The term “Good Faith Efforts” or GFE is bounced around the industry but what that terminology is can be a mystery to many. Quite frankly even if the terminology is understood it can be riddled with problems. The definition in the transportation DBE requirement is “good faith efforts” means efforts to achieve a DBE (Disadvantaged Business Enterprise) goal or other requirement of this part which, by their scope, intensity, and appropriateness to the objective, can reasonably be expected to fulfill the program requirement”. This applies to all contractors where GFE is part of the contract conditions.
Meeting subcontracting goals should first and foremost be intentional. No longer are we in the decades of mass faxing of bid invitations to check a box that certified business were invited. I mention this as there are some “old regime” contractors out there who still look at goal achievement with the same lens – bare minimum to meet the GFE checkboxes.
There are GC/Primes that work with intention, that exceed the goals regularly, that practice real inclusivity and not because of a goal. We are grateful to these contractors, and I don’t need to list who you are because this industry knows. We also know who plays games, who are all talk, and who’s efforts boil down to checking the required boxes.
I am sharing some best practices with you on being intentional for meeting goals and inclusion on projects:
- Create relationships with certified contractors. This does not mean that the DEI specialist knows the businesses and puts them in a vendor list and sends out invites to bid. Creating a relationship may start with the DEI person but that is just a first step. The estimators and project managers must be introduced to, meet with, and engage in relationships with certified businesses.
- Work with the businesses on where they need to improve. If a business is bidding regularly and not winning bids meet with them, go over their bids, offer suggestions for future improvement.
- Promote relationships with certified businesses and your first-tier subcontractors. Goals are not only to be met by the GC but all contractors on a project. You need to enforce the contract language down the chain where there are bigger opportunities for subcontracting.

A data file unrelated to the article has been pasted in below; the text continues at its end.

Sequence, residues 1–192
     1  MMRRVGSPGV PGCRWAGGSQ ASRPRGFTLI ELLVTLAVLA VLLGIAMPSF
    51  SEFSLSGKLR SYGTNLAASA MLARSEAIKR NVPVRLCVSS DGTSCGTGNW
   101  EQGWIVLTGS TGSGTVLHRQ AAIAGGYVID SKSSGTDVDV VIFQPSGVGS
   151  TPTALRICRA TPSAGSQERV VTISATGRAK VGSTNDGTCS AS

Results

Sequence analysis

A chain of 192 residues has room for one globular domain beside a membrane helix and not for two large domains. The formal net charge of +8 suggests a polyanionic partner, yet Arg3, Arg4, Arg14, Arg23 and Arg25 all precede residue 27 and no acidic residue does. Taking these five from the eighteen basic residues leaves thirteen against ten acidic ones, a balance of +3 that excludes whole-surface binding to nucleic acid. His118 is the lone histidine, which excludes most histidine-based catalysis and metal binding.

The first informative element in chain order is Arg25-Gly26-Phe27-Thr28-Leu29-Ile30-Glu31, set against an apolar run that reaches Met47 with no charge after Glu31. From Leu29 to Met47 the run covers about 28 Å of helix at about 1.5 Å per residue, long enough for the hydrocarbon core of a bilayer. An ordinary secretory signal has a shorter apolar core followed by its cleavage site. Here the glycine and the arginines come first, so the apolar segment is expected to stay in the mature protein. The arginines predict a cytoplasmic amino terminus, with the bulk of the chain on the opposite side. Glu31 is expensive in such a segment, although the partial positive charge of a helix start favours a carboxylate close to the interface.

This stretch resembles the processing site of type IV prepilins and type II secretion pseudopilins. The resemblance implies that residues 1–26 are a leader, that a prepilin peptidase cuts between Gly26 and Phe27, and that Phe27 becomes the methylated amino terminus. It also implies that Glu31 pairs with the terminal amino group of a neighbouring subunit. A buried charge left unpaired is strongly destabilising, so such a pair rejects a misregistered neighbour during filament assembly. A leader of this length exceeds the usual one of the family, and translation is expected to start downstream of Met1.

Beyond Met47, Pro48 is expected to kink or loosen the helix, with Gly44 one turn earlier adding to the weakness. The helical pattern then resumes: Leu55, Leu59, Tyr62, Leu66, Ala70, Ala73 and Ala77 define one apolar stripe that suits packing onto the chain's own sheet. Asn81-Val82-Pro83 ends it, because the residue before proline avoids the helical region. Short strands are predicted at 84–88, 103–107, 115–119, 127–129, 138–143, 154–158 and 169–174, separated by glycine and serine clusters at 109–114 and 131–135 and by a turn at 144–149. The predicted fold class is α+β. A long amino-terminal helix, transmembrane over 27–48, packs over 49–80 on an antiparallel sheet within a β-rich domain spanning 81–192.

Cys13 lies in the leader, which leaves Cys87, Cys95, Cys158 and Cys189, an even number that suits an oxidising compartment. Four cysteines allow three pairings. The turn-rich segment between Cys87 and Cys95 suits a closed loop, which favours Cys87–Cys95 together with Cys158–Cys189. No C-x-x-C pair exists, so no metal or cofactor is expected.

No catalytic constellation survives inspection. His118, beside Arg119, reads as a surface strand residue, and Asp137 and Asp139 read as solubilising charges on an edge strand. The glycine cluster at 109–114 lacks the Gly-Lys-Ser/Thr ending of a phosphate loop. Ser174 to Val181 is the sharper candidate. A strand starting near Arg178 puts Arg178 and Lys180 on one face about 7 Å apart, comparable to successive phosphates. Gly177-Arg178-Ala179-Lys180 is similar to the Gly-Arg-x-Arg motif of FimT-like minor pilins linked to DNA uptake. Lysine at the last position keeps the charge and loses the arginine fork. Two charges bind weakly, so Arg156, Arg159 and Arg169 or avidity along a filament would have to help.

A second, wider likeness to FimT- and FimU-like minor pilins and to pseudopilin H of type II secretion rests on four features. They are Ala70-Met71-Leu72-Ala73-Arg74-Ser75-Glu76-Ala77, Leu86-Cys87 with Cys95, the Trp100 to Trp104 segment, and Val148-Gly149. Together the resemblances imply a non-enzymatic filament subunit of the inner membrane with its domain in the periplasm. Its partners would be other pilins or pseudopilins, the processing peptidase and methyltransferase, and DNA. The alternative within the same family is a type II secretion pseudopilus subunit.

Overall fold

- Break up the contract scopes to target small business inclusion. When I mention that I don’t just mean for bidding but be intentional in your award of the subcontracts. I have seen where a small business is the low bidder for a scope, but the GC awarded a package scope to a larger sub where they only had to manage one contract. It might be easier in the long run but is not intentional inclusion.
- Mentor Mentor Mentor. You have heard this from me before but become a partner/mentor to a small contractor. Persuade your large subcontractors to mentor and partner to increase their opportunities with you.
- Use the AWC BidBoard when sending out your bid invitations. This targets the invite to members that perform the scopes that you are planning to subcontract.
- If you are self-performing part of the job, either bring a business in on part of the scope in partnership or don’t solicit bids for it. Smalls don’t have time to spend hours on a bid for a scope you are self-performing or already awarded.
- Support organizations that represent small contractors in town. These are your best resources for finding and creating relationships with certified businesses.
Being intentional means creating a culture from the top leadership in your company. A DEI person should be the conduit to PMs Estimators and ultimately the contract. Without a change in how this industry looks at meeting goals and recording GFE the bare minimum will be the bar to achieve. Small businesses are more than a box with a check mark. They are a vital part of this industry and need your intentions.